Tall hiking boots. Comfortable out of the box and…
Source: bought it new
Price Paid: £124 sterling
Tall hiking boots. Comfortable out of the box and need little or no breaking in.
- Lacing system
- Grippy outsole
- No protective toe rand
- Outsole might be prone to wear
Danish footwear manufacturer Ecco makes its Biom Hike boots in two shaft lengths. It uses the same brand name for both, which can be confusing. Amazon UK adds to the confusion by describing the tall variant as “low trekking and walking shoes”. In the US the picture is clearer because the mid and tall variants are known as the Biom Hike 1.6 and 1.7 respectively. I am using US terminology in this review.
As I explained in my review of the Lowa Uplander GTX boots, I’ve come to prefer tall boots for hiking in wet conditions because the extra height offers more protection against water getting in over the top. The Uplanders are my go-to boots for wet conditions, but I’ve had my eye on the Biom Hike 1.7 as their eventual replacement. The Biom Hikes have a better lacing system than the Uplanders, with proper locking eyelets at the ankle and open hooks on the shaft. The Hikes have bigger, more widely spaced lugs on their outsoles, promising better grip on soft ground.
The one factor that put me off the Biom Hike 1.7 was the price—an eye-watering £240 (currently US $326). But prices on Amazon can change suddenly, and one day I discovered that the boots in my preferred size and colour were available at £124 ($169)—virtually half-price. Just hours later they were back to full price, but not before I had given in to the temptation and ordered a pair.
I have tried the Biom Hikes on my feet and I have tested the waterproofing. But I will only start using them regularly when my Lowa Uplanders wear out, and those have plenty of life left in them. So in this review I can only present my first impressions of the Biom Hikes. I am doing the review anyway because information about the Biom Hike 1.7 is thin on the ground, and a preliminary review is better than no review at all.
The forefoot on the Biom Hike tapers inwards, meaning that the big toe has the most space ahead of it. Most other boots taper towards the middle, meaning that the second toe has the most room. My second toe protrudes ahead of my big toe, so I worried that the shape of the Biom Hike might cause me blisters. I therefore gambled by going a size up. Normally I wear hiking boots in size 45 (US size 11.5), but I ordered my Biom Hike 1.7s in size 46 (US size 12/12.5).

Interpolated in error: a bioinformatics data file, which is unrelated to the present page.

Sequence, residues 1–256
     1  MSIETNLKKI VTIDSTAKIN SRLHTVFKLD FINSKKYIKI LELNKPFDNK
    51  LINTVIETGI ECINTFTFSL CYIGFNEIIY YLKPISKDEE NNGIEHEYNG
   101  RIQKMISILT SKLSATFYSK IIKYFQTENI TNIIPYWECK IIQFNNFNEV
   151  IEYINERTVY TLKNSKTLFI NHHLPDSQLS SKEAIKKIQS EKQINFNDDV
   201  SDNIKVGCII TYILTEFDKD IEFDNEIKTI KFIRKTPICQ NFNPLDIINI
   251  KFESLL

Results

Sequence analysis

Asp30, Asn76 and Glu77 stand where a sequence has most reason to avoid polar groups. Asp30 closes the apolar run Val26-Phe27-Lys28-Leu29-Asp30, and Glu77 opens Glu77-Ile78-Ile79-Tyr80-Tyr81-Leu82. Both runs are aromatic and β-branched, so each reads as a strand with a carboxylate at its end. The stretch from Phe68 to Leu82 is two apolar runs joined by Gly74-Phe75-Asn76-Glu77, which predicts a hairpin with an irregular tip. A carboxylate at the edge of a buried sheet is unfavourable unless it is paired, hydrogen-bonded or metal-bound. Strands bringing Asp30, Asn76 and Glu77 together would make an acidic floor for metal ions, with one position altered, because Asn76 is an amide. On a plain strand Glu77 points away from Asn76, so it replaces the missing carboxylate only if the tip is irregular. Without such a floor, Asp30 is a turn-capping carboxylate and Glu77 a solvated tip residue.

The gamble has worked. Ecco boots tend to be shallower in the forefoot than other makes. This, coupled with a well-contoured heel cup, means that my size 46 Biom Hikes hold my feet more securely than my size 45 Uplanders. Before comparing the two I inserted thin volume reducers under the insoles of my Biom Hikes. But I have a pair of high-volume Superfeet Orange insoles in my Uplanders, so if anything the comparison was skewed in favour of the Uplanders.
The leather uppers of the Biom Hike 1.7 feel supple and flex easily with the foot. This includes both the forefoot and the shaft—the two places where boots usually need breaking in. To really test the shaft for flexibility I would need to walk on a slope, which I have not done in these boots. But I'm sure any stiffness that might be felt on a slope would quickly work itself off.
The sole offers enough rigidity to protect your foot when you step on pebbles and pointed rocks, yet it flexes readily at the forefoot. At the same time the midsole is soft and springy, providing plenty of shock absorption.
All this results in an excellent level of comfort. The Biom Hike 1.7s feel like the Rolls-Royces of hiking boots. They aren’t lightweights—each boot in size 46 weighs 823g or 1lb 13oz, compared to 775g (1lb 11oz) for a size 45 Uplander—but thanks to their comfort they don’t feel heavy on the feet.
The lugs on the outsole are a little more pliable than one would expect. As I said I haven’t tried these boots out on rough ground, but my feeling is that they will offer plenty of bite on soft or wet ground. The downside of the lug softness is that the outsole might wear out quicker than average.
To test the waterproofing I stood the boots in some four inches of water for at least five minutes with the insoles removed. The boots remained bone dry inside.
In most waterproof boots the tongue is joined to the shaft by means of a bellows extension and the Gore-tex or other waterproof lining goes all the way round. In the Biom Hikes the tongue is connected to the shaft only by means of a separate piece of waterproof material that is stitched to the Gore-tex lining. This stitching looks like a potential weak point in the waterproofing. On the other hand, my wife and I have owned several pairs of Ecco footwear between us and they have all been reliably waterproof, so hopefully Ecco knows what it’s doing.
The other point of concern I have about these boots concerns the lack of a toe rand. Hiking boots tend to take a beating in the toe area and a rand would offer valuable protection, particularly since the leather on these boots appears to be a little thinner than usual. On the other hand these boots are made of yak leather, which is supposed to be stronger and more abrasion-resistant than cow leather.
All in all I'm very happy with these boots. When the time comes to retire my Uplanders I will do so with regret, but at the same time with eagerness to start using the Biom Hikes.